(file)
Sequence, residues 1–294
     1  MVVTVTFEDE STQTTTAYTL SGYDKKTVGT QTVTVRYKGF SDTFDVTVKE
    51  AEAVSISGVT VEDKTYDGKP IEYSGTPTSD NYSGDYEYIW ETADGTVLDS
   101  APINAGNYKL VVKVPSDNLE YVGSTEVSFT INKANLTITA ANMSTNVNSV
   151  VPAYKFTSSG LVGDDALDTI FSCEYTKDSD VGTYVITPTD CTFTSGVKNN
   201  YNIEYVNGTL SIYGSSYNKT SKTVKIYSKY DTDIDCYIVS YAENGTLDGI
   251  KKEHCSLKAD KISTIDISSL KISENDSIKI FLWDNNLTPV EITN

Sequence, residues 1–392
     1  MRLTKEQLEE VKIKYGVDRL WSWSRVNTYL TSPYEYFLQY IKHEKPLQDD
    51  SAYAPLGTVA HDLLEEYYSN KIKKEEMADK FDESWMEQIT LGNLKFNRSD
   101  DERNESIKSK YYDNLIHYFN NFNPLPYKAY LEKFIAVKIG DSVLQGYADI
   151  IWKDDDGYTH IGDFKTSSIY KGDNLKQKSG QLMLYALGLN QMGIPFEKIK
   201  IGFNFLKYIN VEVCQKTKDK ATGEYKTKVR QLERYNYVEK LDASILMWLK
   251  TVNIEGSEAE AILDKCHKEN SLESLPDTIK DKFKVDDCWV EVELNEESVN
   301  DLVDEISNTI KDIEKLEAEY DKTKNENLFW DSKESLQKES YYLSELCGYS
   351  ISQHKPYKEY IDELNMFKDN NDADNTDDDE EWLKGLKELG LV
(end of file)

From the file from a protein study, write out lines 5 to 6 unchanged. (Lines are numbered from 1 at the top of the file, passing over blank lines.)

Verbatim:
   151  VPAYKFTSSG LVGDDALDTI FSCEYTKDSD VGTYVITPTD CTFTSGVKNN
   201  YNIEYVNGTL SIYGSSYNKT SKTVKIYSKY DTDIDCYIVS YAENGTLDGI